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About The daily Nebraskan. ([Lincoln, Neb.) 1901-current | View Entire Issue (Oct. 8, 1999)
Hotel roof catches- on fire
FIRE from page 1
struction, firefighters had to haul
"hoses and equipment to the top of the
^building using ropes thrown down
ifrom the top flooeand the building’s
“Anytime a fire gets above street
If eve 1, it’s a lot of work,” Spadt said.
“It’s a very labor-intensive project.”
Before firefighters could reach
the top floor, a water nozzle mounted
at the end of a 108-foot fire ladder
\yas used to spray flames away from
the building’s elevator, Fire Capt.
Bruce Sellon said.
“They were able to clear an area
f and cool it down,” Sellon said. “They
can pump probably about 1,000 gal
lons a minute through the nozzle.”
.. Sellon said the elevator operator
misunderstood firefighters’ orders
and brought them to the building’s
top floor, where the fire was burning.
w, “We opened up the door, and
'there’s.the fire right there,” Sellon
said. “That’s where the tar kettle was
just outside the door.”
. Sellon said the tar kettle was
about 25 feet from the elevator and
engulfed in flames.
r Alter dropping a tloor, tiretight
ers then crawled onto scaffolding out
side the building and then onto the
roof, Sellon said.
• Firefighters were able to use the
wind by attacking upwind of the fire,
.out of the noxious black smoke
paused by the burning tar, Sellon said,
j.'* Sellon said the roof was almost
entirely covered in tar and on fire.
Adding to the problem, several small
propane tanks used to keep the tar
from cooling as it is spread were left
on the roof in the flames. Sellon said
one may have exploded.
Workers evacuating the building
were able to haul a 150-pound
propane tank down from the roof,
Sellon said, avoiding a potentially
From staff reports
The first of 1,700 American Indian
remains housed on UNLs campus was
returned to its rightful owners
Members of the Ponca Tribe picked
up remains from the University of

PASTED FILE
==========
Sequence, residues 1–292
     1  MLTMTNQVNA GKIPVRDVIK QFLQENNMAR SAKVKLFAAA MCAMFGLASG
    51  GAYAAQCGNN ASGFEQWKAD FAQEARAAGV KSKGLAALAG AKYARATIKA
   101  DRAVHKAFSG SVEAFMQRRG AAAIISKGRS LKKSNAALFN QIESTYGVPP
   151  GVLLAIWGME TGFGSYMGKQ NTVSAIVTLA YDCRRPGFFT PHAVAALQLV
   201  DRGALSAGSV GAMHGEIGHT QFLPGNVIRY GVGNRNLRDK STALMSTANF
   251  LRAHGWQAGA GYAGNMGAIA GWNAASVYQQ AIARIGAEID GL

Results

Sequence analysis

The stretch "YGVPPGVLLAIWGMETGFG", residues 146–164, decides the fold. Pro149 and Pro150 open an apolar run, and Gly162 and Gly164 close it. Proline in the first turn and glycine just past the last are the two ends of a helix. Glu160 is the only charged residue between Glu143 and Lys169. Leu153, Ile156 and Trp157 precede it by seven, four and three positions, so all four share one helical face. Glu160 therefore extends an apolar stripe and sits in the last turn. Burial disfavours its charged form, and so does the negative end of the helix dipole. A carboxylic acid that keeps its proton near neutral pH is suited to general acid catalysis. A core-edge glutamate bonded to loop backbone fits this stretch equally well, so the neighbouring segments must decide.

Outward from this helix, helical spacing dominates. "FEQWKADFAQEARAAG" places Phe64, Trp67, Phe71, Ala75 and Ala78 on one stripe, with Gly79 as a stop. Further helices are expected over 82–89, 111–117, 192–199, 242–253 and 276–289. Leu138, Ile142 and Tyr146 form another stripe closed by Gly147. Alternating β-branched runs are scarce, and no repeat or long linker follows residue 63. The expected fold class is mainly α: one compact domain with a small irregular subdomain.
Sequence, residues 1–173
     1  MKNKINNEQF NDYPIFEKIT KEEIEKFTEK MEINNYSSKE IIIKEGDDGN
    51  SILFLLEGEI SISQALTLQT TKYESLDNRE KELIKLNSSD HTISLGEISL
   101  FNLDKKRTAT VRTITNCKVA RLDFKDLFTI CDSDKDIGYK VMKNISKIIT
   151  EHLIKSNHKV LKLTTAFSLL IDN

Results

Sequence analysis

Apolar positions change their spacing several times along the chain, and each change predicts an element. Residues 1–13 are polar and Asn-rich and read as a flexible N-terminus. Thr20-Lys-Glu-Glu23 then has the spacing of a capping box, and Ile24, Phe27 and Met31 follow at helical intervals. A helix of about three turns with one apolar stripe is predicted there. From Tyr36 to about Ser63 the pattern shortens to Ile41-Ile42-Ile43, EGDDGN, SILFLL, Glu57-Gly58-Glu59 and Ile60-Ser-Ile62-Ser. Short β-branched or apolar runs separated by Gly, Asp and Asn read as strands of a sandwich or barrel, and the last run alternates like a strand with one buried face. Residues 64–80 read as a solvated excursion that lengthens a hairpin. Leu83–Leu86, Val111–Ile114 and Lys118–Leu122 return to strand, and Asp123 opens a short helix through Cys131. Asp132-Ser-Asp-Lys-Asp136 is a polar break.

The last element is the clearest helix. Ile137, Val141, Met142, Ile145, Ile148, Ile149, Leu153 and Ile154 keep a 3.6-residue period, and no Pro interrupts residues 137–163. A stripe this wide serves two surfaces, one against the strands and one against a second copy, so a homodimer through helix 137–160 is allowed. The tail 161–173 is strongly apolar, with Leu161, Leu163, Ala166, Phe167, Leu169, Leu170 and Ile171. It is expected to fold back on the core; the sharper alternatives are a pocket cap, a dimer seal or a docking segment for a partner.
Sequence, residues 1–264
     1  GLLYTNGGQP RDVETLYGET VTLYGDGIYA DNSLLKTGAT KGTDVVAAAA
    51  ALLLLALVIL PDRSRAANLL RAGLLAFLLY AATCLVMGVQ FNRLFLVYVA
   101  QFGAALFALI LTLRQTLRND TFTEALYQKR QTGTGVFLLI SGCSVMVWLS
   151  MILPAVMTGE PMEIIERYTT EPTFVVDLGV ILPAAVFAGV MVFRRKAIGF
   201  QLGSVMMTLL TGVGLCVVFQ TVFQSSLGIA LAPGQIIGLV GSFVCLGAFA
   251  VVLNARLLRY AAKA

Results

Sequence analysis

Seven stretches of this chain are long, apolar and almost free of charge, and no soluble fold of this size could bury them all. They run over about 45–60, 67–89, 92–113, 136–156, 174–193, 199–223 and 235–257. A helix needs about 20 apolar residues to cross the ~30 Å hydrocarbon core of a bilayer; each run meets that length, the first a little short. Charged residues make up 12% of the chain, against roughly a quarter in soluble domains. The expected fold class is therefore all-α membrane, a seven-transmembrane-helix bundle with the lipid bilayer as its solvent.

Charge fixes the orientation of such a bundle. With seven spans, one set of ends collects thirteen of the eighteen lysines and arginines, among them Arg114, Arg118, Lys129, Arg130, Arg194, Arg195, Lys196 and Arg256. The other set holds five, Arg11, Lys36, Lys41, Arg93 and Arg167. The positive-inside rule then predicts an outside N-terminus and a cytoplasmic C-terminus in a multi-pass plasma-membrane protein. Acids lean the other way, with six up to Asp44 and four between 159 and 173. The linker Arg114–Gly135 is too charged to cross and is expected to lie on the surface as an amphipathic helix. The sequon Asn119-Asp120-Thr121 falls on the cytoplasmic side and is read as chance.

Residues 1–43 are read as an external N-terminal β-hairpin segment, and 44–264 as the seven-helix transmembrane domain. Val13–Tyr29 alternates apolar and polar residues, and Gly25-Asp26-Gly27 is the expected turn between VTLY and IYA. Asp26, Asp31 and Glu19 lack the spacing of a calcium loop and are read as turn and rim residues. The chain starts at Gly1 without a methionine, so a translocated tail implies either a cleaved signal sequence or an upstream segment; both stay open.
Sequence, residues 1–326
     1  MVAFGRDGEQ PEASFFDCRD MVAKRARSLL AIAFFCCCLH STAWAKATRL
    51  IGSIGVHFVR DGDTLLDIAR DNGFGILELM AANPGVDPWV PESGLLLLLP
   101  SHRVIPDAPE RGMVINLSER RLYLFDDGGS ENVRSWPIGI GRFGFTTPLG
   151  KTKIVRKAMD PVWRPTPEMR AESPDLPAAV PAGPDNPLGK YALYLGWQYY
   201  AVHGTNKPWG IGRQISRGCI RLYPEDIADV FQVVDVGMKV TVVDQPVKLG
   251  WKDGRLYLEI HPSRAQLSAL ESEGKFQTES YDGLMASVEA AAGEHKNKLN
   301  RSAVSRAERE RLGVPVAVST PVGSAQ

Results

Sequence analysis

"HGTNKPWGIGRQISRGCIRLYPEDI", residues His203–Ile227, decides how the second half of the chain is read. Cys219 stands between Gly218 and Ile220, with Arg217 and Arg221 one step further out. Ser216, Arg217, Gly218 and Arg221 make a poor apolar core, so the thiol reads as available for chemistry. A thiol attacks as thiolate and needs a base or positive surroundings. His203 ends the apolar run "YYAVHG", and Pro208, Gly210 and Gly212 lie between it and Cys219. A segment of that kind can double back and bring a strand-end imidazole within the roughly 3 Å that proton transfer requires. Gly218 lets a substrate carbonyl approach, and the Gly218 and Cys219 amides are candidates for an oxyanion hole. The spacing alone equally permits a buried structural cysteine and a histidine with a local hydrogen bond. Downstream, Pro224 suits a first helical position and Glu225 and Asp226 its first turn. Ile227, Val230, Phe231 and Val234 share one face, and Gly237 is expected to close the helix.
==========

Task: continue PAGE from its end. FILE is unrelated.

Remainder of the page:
Nebraska-Lincoln Thursday, said a trib
The remains will be buried during a
* Ceremony today near Niobrara.
The remains are the first to be
returned since Sept. 1,1998, when uni
versity leaders signed an agreement
with tribal leaders to return American
Indian remains found in Bessey Hall in
Under the Native American Graves
Protection and Repatriation Act of
,1990, museums, federal agencies and
institutions are required to report their
inventories of native remains and funer
aryobjects to the National Park
the inventories are printed in
the federal register before the remains
can be returned.
Since the 1998 agreement with
UNL, only the Ponca and Omaha
remains inventories have been pub
lished in the federal register.
UNL officials would not comment
on the transfer of remains. Tribal lead
ers could not be reached for comment.
check us out on the Web
The fire mainly burned tar, roof
ing materials, plywood., and
Styrofoam being used to build the
“All that stuff can give off some
pretty nasty smoke,” Sellon said.
Smoke stopped coming frpjn the
top of the building at abodt f 1:20
a.m., although spot fires continued
burning inside the building through
out the day.
“We may have crews out there all
night just as a precaution,” Sellon
Below the fire, construction
workers watched much of their work
Midwest Partitions employee Jeff
Badger said he and his co-workers
had just finished construction around
the roof last week and that the top